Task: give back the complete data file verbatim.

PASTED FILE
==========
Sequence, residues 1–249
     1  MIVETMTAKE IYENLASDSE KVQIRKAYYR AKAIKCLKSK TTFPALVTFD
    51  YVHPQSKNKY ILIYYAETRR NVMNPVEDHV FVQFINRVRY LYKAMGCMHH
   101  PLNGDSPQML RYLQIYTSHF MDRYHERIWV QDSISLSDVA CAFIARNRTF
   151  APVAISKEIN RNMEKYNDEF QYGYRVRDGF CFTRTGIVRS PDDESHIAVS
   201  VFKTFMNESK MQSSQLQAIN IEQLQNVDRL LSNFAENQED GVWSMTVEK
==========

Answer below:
Sequence, residues 1–249
     1  MIVETMTAKE IYENLASDSE KVQIRKAYYR AKAIKCLKSK TTFPALVTFD
    51  YVHPQSKNKY ILIYYAETRR NVMNPVEDHV FVQFINRVRY LYKAMGCMHH
   101  PLNGDSPQML RYLQIYTSHF MDRYHERIWV QDSISLSDVA CAFIARNRTF
   151  APVAISKEIN RNMEKYNDEF QYGYRVRDGF CFTRTGIVRS PDDESHIAVS
   201  VFKTFMNESK MQSSQLQAIN IEQLQNVDRL LSNFAENQED GVWSMTVEK